It's May which means it's the start of National High Blood Pressure Awareness Month. Blood pressure is something you should endeavor to support every day—not just when you think something might be amiss—because your heart works hard for you daily. That's why you should work to stomp out bad habits and take on healthy tips to take care of your heart function and other connected areas of health.
Blood pressure is the force of your blood as your heart pumps it through your arteries and throughout your body. The two readings that indicate the pressure of your blood flow are systolic (the top number), which measures your blood pressure when your heart beats, and diastolic (the bottom number), which measures your blood pressure when the heart is at rest. The target range for healthy blood pressure is anything at, or lower than, 120/80.
There are many factors, both controllable and uncontrollable, that you need to be aware of when focusing on maintaining healthy blood pressure levels, and in turn, a healthy heart. Some factors that are beyond your control can include race, family history, and age. For example, studies have shown that African Americans tend to be more susceptible to blood pressure concerns when compared to other races due to genetic factors. However, even if you have a family history of blood pressure concerns, there are still a number of ways you can positively influence healthy levels.
Knowing the Basic Do's and Don'ts
Some factors that are within your control include cutting back on certain foods. For example, a number of studies have proven that cutting back on sodium can have a profound positive influence on blood pressure and can help lower the risk of cardiovascular challenges by 25%–30%. The American Heart Association (AHA) currently recommends consuming less than 1,500 mg of sodium per day. This can easily be accomplished by eating less processed foods, canned foods, and lunch meats, which are the main culprits behind high dietary sodium. Additionally, alcohol consumption can affect blood pressure. But it's also something within your power to control. The AHA says to limit your drink intake to no more than two drinks a day for men or one drink per day for women (1 drink serving is defined as one 12-ounce beer or 4-ounce glass of wine). Besides watching what you eat and drink, you can cut back on stress and maintain a healthy weight. Although there is no evidence to suggest that stress directly causes high blood pressure, blood pressure levels can still spike during periods of tension. Try reducing stress by going for walk, doing an activity that relaxes you, or sharing a laugh with friends. Additionally, added body mass puts extra strain on your heart, forcing it to work harder. Even losing an excess 10 lbs can make a significant difference to your blood pressure health.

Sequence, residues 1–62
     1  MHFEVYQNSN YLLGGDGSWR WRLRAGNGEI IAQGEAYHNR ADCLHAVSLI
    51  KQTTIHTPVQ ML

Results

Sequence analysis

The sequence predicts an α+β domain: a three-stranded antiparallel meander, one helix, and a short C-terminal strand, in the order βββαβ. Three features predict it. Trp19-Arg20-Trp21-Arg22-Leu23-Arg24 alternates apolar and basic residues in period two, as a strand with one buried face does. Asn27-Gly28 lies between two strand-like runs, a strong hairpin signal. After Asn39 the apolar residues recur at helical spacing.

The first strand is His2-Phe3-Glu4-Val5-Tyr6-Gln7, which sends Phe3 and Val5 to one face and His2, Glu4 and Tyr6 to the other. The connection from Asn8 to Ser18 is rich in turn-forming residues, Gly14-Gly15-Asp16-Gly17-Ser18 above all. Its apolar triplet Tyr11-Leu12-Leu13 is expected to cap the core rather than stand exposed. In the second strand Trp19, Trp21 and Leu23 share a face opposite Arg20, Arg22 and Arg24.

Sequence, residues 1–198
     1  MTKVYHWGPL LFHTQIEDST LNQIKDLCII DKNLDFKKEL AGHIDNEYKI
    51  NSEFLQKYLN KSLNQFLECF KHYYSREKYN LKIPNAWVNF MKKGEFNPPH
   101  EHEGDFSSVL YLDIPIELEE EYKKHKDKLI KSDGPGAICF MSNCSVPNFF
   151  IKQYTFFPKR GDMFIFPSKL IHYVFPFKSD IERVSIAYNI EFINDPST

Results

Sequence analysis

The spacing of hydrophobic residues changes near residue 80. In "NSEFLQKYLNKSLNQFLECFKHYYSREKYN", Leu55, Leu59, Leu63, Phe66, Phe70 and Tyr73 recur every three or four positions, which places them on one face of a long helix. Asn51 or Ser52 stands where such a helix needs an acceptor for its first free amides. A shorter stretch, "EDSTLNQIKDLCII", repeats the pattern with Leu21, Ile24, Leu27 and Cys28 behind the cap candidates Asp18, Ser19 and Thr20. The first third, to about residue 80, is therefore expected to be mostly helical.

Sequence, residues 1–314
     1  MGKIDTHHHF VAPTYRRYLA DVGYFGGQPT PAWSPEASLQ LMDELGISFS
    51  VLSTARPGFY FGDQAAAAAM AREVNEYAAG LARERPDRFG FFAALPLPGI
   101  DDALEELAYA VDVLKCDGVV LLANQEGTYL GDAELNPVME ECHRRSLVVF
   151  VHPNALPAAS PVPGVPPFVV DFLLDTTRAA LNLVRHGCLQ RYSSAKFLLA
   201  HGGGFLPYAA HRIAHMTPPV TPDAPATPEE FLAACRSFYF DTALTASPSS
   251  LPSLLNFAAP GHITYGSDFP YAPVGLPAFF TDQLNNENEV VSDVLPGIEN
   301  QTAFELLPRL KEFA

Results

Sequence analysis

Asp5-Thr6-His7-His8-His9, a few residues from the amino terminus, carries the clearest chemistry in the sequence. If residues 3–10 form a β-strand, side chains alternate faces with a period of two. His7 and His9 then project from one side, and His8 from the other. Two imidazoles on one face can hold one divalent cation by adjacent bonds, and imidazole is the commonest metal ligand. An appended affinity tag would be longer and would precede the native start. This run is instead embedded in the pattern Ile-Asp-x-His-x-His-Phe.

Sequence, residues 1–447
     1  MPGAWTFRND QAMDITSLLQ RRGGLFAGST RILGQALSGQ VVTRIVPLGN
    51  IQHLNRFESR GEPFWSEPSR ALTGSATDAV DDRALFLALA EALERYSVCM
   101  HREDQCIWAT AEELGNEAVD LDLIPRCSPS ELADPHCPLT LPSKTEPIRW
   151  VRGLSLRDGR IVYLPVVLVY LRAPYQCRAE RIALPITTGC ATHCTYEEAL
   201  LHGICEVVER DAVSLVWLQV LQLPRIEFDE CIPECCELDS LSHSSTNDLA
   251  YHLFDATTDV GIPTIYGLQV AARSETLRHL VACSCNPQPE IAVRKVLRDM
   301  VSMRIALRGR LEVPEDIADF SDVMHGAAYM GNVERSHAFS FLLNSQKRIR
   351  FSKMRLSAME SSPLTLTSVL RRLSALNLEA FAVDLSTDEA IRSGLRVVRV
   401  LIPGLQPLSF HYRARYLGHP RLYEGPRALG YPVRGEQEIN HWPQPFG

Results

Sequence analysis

Nutritional Factors of Note
When dialing back on things such as sodium and alcohol, you should also remember to increase your intake of nutritious foods. To positively influence your blood pressure it is recommended that you eat at least 8 servings of fruit and vegetables per day. In particular, foods high in potassium have been shown in studies to support healthy blood pressure. Leafy green vegetables—such as kale, collards, swiss chard, and spinach—and whole grains are also rich in B vitamins that support cardio health. Choose healthier cooking options such as baking, roasting, and steaming as opposed to frying; and cut out foods containing trans fats and saturated fat. Throughout the centuries, practitioners of Traditional Chinese Medicine (TCM) have catalogued hundreds of beneficial herbs and their various uses. Several of these herbs can be used to support healthy blood pressure. Chrysanthemum, for example, helps expand blood vessels to ease circulation. Senna also contains compounds that help reduce arterial plaque buildup, while Apocynum venetum has alkaloids that help promote healthy blood flow. Since you wouldn't normally find these herbs on your supermarket shelf, nutritional supplements may be the best source. Your heart works hard for you everyday, so it makes sense to kick those bad habits and positively influence your blood pressure levels. Simple tasks, such as cutting back on sodium and alcohol; reducing stress; and increasing your intake of nutritious foods and herbal supplements; are things everyone can do — starting in National High Blood Pressure Awareness Month. Find your healthy motivation today!